The European University Association (EUA) and over 50 higher education networks, organizations, and associations, have joined Scholars At Risk (SAR), a US-based international network of more than 500 academic institutions in 40 countries, urging European governments and EU institutions to immediately intervene and help students, scholars and civil society actors in Afghanistan.
In their letter, they stress that the government’s action in time could make a huge difference, Erudera.com reports.
“Organisations supporting at-risk scholars are racing to offer assistance to researchers, scholars and civil society actors in Afghanistan who, at this moment, are desperately seeking ways to safety. For the better part of the past twenty years, these scholars and civil society actors in Afghanistan have fought for a new, rights-respecting, forward-looking, knowledge-based Afghanistan,” EUA highlights in its press release.
It further says that many of those people whose lives are now at risk “have worked for or in partnership with EU institutions“, including European governments, NATO partners as well as other international and civil society organizations.
On August 18, Scholars At Risk, along with 115 higher education institutions, organizations, networks, and more than 2,600 professionals and students, sent a letter to the US government, appealing to them to protect Afghan students, scholars, and civil society actors. Their demands include:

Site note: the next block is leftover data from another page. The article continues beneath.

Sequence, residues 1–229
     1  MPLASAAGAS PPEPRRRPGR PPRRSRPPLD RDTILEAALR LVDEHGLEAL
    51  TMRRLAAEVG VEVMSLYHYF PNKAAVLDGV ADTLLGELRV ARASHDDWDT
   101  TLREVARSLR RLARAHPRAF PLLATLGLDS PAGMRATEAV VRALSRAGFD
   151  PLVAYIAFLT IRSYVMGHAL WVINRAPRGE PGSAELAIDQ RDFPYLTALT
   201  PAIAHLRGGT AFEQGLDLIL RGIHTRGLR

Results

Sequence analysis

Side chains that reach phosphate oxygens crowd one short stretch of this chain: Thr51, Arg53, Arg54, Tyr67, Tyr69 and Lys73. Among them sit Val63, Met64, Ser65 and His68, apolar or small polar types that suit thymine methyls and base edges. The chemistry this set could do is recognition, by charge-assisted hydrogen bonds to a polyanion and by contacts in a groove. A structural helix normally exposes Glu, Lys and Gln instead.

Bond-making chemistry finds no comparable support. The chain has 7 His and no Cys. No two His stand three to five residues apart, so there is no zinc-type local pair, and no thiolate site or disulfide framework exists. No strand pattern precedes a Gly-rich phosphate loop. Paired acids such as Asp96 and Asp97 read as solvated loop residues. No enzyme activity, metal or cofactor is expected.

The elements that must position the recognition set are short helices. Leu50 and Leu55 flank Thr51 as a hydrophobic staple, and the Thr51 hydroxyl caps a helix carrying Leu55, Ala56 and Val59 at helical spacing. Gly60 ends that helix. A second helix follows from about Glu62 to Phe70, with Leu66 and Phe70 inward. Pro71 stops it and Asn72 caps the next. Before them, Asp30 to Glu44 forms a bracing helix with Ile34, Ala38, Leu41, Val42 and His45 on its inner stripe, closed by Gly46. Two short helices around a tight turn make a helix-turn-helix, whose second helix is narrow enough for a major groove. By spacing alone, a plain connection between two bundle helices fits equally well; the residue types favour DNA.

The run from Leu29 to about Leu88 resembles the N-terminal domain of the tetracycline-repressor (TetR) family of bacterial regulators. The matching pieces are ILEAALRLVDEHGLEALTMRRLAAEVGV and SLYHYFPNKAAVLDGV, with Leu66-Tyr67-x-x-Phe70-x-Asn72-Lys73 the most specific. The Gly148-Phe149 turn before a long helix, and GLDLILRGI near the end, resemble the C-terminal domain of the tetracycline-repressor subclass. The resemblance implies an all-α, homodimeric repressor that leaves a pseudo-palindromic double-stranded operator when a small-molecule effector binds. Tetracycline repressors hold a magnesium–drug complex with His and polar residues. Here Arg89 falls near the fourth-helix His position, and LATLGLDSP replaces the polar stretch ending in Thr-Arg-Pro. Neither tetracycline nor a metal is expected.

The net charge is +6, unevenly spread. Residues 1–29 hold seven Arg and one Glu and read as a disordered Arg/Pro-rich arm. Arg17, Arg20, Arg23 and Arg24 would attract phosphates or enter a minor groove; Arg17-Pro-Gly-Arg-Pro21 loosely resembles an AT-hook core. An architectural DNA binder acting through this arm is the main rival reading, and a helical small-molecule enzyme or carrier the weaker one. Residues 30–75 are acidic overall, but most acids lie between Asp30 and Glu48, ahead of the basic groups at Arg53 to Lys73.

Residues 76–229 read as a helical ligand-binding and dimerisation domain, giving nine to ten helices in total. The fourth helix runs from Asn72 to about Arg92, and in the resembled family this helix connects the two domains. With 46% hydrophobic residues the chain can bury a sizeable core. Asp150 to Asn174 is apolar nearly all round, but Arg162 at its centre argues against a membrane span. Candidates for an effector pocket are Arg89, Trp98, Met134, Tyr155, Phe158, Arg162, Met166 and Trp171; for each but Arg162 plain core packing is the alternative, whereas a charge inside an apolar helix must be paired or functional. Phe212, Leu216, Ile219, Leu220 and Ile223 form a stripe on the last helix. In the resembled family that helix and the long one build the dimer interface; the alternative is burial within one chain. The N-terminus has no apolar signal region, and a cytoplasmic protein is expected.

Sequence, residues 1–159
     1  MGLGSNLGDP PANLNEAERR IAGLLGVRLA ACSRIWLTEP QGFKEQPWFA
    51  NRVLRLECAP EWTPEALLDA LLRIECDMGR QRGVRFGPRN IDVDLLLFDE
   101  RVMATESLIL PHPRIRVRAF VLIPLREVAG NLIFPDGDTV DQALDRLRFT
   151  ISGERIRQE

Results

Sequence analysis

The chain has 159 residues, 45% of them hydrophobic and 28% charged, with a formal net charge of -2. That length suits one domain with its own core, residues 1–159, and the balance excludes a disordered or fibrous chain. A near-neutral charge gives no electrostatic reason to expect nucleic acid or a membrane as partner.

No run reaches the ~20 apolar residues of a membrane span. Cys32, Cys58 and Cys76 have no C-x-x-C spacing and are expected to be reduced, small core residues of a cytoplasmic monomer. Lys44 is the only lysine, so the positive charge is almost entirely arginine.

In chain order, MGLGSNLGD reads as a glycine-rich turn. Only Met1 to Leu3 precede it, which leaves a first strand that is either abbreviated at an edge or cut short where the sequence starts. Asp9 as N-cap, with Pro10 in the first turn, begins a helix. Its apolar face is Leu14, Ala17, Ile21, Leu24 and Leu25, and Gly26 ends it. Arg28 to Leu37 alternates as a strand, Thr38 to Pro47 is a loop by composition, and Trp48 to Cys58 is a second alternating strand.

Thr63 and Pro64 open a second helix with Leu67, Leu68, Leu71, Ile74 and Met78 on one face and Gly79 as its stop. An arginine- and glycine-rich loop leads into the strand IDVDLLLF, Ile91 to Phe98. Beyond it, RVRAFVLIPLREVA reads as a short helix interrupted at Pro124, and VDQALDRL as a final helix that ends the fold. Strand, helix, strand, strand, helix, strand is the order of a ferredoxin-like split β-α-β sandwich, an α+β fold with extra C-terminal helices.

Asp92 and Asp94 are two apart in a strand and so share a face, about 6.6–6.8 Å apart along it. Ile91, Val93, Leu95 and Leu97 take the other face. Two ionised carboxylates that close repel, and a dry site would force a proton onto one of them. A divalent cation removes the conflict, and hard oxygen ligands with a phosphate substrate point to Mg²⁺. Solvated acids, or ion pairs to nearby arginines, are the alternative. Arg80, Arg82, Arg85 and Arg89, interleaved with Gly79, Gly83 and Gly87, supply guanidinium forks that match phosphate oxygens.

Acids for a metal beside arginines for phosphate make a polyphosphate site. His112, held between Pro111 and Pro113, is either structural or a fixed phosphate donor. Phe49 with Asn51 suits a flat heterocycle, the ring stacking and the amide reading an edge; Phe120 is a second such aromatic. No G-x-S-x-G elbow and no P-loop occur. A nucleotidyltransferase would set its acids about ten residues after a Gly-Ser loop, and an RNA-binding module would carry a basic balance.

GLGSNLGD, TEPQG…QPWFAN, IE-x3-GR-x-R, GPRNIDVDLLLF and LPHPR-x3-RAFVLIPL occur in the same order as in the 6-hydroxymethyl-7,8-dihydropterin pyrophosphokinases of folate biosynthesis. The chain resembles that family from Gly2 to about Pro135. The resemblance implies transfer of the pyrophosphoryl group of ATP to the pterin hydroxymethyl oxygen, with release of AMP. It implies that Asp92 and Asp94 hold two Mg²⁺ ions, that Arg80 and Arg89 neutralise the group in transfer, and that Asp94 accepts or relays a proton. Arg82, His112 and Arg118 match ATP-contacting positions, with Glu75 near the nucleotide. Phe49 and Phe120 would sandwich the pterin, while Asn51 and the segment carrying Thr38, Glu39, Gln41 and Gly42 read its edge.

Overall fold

- Expand the evacuation flights in order to include students, scholars, and civil society actors who have supported the efforts of the EU, European governments, NATO partners, and other organizations for a progressive Afghanistan.
- Increasing resettlement quotas and assist Afghans needing international protection.
- Accelerate the legal arrival of the candidates or families that can prove an existing host institution, sponsor, job.
- Waive home residency and intent-to-return requirements for visa applications for Afghan scholars and researchers.
- Create an EU fellowship scheme for Afghan students, scholars, and civil society, particularly women and religious minorities.
- Establish national fellowships for Afghan students, scholars, and civil society.
“Hundreds of them traveled to the United States to seek an education and returned to their homeland, dedicated to values of openness, and tolerance. These are not the values of the Taliban, so their lives are now at risk. Timely US government action can still make an enormous difference, and maybe yet save Afghanistan’s future. We implore you to act on their behalf now,” the letter of Scholars At Risk sent to US Secretary of State reads.
The Taliban seized control of Afghanistan on August 15, two decades after the US invaded Afghanistan in response to the September 11, 2001, terrorist attacks.